Well then. Let's start with a working definition of psyops.
You should not be either shocked, or surprised. Companies in the social media space run an implicit yet often almost silent social compact with you. The social networking or social media company develops, tests and produces a product you want to use.
In order to use it, you have to click through terms of services or terms and conditions. These are lengthy legal documents created by very smart lawyers to basically protect the company from almost anything.
Most people literally never bother to read these "click thrus," and instead just literally do that.
By doing so, one should expect to be spied on by companies and governments alike. One should also expect to be used in a multitude of "experiments," "a/b testing," and "algorithmic adjustments." Expect this daily.
People forget the internet is not theirs. It is actually "domain" of some powerful companies that access our data, b.c we give it up freely.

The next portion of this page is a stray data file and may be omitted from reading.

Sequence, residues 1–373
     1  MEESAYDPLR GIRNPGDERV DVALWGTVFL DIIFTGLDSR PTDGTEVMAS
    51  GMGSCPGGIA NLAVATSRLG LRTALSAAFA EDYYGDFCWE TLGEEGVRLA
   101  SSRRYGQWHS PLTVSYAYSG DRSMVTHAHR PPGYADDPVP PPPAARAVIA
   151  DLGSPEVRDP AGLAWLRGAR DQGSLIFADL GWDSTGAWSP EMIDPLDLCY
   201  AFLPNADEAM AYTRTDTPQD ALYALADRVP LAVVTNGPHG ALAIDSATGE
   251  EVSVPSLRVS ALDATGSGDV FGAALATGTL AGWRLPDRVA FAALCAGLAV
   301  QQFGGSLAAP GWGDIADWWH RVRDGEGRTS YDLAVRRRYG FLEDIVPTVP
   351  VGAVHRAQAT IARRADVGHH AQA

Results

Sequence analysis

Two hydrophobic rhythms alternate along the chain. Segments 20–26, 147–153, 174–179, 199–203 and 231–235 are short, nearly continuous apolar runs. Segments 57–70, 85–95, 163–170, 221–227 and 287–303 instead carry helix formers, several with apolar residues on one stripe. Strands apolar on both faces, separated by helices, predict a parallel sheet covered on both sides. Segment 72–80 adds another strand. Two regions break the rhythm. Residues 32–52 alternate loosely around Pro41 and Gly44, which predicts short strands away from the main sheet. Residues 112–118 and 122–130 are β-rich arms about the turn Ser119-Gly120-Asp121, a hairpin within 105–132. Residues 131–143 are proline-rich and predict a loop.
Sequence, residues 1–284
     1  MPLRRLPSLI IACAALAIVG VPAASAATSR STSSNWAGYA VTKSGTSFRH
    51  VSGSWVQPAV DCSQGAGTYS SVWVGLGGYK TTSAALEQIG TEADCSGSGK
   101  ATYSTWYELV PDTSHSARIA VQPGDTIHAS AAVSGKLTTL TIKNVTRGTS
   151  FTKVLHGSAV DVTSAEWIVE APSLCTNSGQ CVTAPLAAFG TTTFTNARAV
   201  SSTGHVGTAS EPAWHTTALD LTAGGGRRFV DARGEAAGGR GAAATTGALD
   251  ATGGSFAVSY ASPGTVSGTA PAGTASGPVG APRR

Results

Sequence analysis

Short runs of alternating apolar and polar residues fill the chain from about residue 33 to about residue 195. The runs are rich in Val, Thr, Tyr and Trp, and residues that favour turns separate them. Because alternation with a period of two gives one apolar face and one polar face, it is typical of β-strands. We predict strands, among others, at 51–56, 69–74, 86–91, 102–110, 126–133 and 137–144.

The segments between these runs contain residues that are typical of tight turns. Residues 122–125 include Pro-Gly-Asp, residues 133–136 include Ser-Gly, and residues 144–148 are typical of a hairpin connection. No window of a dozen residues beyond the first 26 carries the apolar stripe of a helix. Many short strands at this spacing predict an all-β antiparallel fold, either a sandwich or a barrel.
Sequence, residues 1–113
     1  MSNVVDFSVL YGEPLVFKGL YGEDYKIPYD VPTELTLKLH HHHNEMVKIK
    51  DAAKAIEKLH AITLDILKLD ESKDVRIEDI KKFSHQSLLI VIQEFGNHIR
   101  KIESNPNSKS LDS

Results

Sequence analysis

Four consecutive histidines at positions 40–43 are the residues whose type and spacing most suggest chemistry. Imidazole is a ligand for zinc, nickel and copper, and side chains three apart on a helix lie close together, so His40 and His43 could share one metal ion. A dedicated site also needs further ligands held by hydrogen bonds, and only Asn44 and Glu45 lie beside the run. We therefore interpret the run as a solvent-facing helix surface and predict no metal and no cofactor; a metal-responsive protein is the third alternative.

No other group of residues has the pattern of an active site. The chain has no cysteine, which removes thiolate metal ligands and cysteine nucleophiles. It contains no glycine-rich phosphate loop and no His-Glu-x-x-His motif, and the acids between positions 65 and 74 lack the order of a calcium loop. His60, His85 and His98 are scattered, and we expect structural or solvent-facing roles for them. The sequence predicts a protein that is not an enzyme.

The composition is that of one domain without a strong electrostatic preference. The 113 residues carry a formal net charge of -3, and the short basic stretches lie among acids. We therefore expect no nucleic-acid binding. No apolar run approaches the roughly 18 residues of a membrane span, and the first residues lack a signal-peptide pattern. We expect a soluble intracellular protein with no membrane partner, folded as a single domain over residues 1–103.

— Alan W. Silberberg (@IdeaGov) June 29, 2014
. @IdeaGov we give it up, yes; but not so sure it is all that "freely" (& even less likely to be "knowingly"). Choice = merely an illusion.
— Adrienne Mead (@AdrienneMeadEsq) June 29, 2014
The social compact between you and the big social networking companies is implicit, if mostly silent. We get to use things like Facebook, Twitter, Instagram, Snapchat, Secret, Whisper, Google, Bing, etc. without paying in hard dollars (usually.) What we pay for it with is the invisible digital currency. That of your life on display for anyone with an algorithm, and a way to analyze that data can easily see. Either use these services and accept that in part or do not use the services. But this is the hard choice we all face, if you ever stop to think about it.
Follow Alan W. Silberberg on Twitter: www.twitter.com/Ideagov